NZL (1935). Lives and works in London and the South of France.
Daylight Flotsam, 2014
Installation. Plastic containers, fluorescent tubes, cables. Variable dimensions
Bill Culbert’s art holds an affinity to Dadaism, in that he works with found objects such as tables, chairs, boxes, tools, jugs, suitcases, lampshades, and wine glasses.
Towards the end of the sixties, he began to experiment with light, using shadow, incandecents, and fluorescents as his main media for building and managing light in his
object-sculptures. Since then, light— which is its own ready-made—has been the primary material used in his work, and the neon tubes lend coherence to his sculptural compositions. His work irradiates energy and is both intriguing and familiar, as though part of routine reality.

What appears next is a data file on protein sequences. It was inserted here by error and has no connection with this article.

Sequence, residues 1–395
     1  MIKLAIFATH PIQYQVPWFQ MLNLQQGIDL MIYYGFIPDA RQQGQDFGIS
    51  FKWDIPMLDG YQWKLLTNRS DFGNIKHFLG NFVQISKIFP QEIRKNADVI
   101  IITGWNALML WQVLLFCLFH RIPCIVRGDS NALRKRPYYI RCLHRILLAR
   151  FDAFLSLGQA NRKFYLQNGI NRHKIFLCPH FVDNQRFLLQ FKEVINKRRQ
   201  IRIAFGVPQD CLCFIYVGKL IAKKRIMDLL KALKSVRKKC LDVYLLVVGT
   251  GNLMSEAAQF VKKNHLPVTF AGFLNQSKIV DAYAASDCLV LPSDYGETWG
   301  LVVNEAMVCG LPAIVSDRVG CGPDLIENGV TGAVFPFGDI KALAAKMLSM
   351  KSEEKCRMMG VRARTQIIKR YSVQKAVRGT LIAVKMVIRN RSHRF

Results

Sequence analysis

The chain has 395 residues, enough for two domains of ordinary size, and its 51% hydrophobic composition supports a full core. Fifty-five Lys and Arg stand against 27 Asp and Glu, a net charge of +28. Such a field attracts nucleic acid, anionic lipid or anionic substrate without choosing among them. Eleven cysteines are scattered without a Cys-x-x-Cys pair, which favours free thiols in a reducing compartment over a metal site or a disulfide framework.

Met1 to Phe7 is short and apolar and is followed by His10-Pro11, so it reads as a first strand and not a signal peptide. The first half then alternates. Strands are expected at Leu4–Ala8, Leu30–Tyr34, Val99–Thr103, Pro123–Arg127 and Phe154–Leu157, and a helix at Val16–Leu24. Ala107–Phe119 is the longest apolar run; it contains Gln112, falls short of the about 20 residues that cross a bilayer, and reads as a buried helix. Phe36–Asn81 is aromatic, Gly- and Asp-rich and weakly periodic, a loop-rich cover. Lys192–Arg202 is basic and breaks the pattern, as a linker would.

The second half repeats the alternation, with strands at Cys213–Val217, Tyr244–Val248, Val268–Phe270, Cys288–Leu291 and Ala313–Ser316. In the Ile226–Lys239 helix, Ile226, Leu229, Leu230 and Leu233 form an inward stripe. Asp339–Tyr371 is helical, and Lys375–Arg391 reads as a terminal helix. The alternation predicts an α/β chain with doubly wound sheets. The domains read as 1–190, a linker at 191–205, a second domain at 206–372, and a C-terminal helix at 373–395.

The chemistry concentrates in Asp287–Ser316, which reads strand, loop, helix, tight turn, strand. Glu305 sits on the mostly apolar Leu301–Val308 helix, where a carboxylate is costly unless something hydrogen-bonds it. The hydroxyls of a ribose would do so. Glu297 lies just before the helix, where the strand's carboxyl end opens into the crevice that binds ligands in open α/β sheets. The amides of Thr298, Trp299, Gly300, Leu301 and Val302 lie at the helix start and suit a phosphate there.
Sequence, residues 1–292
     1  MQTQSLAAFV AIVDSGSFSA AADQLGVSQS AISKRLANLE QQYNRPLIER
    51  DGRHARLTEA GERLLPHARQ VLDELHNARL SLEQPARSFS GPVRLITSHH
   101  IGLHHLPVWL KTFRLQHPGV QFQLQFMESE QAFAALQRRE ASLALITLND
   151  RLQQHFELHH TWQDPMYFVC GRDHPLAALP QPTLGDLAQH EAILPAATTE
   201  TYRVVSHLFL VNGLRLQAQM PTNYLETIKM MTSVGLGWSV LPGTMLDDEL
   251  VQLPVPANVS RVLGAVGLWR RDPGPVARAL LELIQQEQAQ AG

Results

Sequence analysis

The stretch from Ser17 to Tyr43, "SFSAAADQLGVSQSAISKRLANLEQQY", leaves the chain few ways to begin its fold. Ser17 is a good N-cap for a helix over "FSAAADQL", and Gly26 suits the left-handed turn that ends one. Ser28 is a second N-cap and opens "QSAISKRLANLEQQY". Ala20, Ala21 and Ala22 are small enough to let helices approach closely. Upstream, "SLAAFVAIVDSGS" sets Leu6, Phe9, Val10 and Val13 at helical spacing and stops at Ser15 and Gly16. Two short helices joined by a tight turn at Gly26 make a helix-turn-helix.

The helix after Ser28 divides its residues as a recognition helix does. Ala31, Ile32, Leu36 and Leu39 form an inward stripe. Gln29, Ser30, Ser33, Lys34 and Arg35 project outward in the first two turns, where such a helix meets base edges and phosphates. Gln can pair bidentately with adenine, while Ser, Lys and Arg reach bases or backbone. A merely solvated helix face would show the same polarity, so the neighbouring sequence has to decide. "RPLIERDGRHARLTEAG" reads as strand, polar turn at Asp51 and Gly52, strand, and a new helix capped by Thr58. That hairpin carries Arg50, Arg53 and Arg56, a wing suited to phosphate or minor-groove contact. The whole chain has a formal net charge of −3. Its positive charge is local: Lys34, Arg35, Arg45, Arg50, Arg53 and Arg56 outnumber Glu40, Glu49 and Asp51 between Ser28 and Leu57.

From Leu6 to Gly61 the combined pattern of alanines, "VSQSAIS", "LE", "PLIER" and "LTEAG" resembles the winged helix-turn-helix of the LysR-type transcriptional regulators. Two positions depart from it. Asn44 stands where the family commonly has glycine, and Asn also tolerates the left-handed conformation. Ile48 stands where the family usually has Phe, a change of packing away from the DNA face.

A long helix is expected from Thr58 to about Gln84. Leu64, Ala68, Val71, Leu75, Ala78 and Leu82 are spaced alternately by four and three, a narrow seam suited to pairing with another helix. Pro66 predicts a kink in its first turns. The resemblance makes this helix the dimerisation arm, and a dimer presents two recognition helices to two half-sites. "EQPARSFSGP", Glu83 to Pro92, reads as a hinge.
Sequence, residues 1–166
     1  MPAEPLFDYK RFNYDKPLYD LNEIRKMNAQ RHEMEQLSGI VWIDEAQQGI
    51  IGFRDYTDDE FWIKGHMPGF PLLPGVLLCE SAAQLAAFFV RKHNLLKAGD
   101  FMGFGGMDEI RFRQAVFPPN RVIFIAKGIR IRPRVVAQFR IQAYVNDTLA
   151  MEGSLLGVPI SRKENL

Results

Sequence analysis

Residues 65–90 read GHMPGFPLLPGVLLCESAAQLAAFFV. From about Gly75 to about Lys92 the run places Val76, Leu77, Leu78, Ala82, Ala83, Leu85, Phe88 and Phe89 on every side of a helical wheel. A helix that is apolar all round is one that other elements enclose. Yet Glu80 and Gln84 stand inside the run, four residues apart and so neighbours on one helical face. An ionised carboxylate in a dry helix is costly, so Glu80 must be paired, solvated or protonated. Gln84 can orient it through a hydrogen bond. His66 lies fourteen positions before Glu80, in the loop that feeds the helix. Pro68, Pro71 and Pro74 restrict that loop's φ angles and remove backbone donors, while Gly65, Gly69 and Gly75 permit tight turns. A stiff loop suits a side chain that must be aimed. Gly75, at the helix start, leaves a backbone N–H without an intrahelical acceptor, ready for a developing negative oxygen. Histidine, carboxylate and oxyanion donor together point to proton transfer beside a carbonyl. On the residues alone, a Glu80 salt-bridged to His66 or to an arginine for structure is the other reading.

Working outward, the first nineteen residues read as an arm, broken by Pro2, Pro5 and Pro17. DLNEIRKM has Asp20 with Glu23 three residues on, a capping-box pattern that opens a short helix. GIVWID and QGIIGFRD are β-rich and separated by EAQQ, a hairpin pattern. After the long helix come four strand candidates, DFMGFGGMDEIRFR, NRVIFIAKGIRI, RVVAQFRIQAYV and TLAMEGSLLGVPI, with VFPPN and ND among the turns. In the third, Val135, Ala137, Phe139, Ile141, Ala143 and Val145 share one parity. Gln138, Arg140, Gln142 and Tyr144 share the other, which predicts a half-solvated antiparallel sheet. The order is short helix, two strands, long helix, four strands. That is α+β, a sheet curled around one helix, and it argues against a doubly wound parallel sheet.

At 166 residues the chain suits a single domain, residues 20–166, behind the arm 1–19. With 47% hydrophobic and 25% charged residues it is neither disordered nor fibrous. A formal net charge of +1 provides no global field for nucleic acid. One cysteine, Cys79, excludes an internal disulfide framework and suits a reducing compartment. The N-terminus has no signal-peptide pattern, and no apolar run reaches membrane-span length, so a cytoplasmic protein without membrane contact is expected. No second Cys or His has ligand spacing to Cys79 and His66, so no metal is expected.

Flotsam Cartagena is an installation built from fluorescent tubes and PVC bottles, creating a densely populated field—a carpet of color. The tubes and bottles are enmeshed in each other, as if deposited by the tide, reminding us of the vast quantities of disposable plastic that pollute the oceans and rivers of the world. Close up, the installation takes on a hypnotizing presence, at times appearing before us as a ghostly fluorescent ocean at night, interrupted by blasts of white light that wind through the vast field of color fragments.